Cool, thanks for the cyclic tab. That was a new one for me.

I've been using the remap of the up/down arrow for a while too, and it is crazily useful indeed. It's the first thing I do on a new terminal. That, together with adjusting PS1 and setting up my common aliases.

Absolutely love both of these, thank you so much. My only nitpick would be that when you have text typed, say '$ vim' and go up, finding '$vim somefile', then going down again should bring you back to what you originally typed. This is also the behaviour in vim, I believe.

Any other tips? These two were brilliant!

Regarding HISTFILESIZE the man page for bash says:

> When this variable is assigned a value, the history file is truncated

Which I read as meaning if you export the following then you should get infinite entries:

I'm testing to see if it works for this also:

  export HISTSIZE=

My biggest complaint is that the semantics of CTRL-w and ALT-b are different. CTRL-w goes to the last space, and ALT-b goes to the nearest non-letter. Why did they define word in two different ways for the two different commands? I would kill for a non-deleting version of CTRL-w; if I have a long path in a command-line I want to be able to move to the previous parameter, not just the previous path element.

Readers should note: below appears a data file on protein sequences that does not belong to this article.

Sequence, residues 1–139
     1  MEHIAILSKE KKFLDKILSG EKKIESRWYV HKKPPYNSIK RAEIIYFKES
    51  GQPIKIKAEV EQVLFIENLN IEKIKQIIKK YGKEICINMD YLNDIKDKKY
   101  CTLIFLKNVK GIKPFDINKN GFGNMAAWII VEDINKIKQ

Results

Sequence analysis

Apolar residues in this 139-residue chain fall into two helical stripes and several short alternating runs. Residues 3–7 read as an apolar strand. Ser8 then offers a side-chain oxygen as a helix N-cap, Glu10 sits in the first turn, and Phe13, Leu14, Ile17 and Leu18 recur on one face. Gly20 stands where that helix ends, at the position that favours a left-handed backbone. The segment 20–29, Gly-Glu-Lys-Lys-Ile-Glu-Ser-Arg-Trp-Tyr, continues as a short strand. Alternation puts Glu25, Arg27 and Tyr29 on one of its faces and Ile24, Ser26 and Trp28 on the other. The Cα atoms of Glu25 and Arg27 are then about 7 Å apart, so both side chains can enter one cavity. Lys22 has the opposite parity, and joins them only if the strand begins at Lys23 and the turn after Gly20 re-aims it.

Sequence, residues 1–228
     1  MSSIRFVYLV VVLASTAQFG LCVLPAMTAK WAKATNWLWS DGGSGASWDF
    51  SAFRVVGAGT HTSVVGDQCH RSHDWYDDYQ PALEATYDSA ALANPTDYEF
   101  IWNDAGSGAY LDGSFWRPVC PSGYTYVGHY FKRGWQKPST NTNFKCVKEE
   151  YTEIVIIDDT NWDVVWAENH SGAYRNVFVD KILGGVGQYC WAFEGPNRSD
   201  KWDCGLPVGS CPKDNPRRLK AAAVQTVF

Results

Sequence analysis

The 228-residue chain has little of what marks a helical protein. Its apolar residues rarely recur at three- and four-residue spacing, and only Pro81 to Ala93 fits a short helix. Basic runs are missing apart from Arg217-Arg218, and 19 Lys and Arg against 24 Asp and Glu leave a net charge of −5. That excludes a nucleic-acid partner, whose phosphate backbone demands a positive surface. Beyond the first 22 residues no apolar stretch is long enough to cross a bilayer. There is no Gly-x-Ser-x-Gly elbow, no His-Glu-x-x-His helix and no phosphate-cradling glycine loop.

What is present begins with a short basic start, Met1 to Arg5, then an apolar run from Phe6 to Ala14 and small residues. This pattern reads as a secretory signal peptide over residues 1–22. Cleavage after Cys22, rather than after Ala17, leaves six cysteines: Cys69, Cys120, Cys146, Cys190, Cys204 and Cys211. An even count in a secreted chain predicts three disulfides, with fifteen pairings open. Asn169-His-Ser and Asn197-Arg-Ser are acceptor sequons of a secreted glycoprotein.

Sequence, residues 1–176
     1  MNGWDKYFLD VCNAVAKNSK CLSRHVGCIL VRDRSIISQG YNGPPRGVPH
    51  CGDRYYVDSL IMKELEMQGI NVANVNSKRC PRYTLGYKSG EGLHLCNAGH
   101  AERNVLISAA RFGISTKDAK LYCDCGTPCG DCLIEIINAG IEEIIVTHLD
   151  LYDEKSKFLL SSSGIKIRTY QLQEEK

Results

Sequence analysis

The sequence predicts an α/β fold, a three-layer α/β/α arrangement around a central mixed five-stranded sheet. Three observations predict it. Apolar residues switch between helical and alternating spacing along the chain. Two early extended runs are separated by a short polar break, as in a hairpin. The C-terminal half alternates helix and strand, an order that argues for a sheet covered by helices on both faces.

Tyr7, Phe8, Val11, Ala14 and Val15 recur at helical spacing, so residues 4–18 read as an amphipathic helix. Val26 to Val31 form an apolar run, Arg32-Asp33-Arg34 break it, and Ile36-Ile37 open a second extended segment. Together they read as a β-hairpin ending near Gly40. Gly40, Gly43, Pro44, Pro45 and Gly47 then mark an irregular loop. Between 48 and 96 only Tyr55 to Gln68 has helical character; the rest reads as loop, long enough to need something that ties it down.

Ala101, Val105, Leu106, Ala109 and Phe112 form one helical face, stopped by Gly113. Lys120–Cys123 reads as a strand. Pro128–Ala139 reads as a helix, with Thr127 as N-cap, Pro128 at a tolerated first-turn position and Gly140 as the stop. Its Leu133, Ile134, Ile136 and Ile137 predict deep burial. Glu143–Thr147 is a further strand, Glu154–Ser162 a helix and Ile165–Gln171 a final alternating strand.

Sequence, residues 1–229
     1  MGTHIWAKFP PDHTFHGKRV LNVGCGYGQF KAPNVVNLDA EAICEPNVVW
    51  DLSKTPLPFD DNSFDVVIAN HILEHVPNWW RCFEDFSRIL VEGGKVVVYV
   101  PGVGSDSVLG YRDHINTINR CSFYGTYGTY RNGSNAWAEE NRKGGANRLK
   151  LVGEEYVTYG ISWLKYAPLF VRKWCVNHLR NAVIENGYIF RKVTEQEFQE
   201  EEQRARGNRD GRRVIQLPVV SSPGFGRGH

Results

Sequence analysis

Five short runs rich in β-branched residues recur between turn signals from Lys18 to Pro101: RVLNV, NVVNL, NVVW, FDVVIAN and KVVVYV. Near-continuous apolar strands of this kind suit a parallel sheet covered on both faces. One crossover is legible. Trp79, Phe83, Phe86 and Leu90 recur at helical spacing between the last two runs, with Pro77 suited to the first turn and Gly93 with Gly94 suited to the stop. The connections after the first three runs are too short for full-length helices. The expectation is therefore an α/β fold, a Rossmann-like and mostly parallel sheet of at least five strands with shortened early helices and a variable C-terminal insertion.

Alt+Backspace deletes to the last non-letter.

To go to the previous space, Ctrl+R SPACE works for me.

Ctrl+R SPACE seems like it's a bit iffy for some cases, especially since I use Ctrl+R so frequently for history searches. Using it instinctively (like I use Ctrl+W) wreaks all kinds of havoc; if I do something like Ctrl+R python to get a previously run command, then hit Ctrl+R SPACE, then it moves to the previous commandline that contains python instead of staying where I am and moving back a word. Still, something to explore -- I can probably find a way to use this.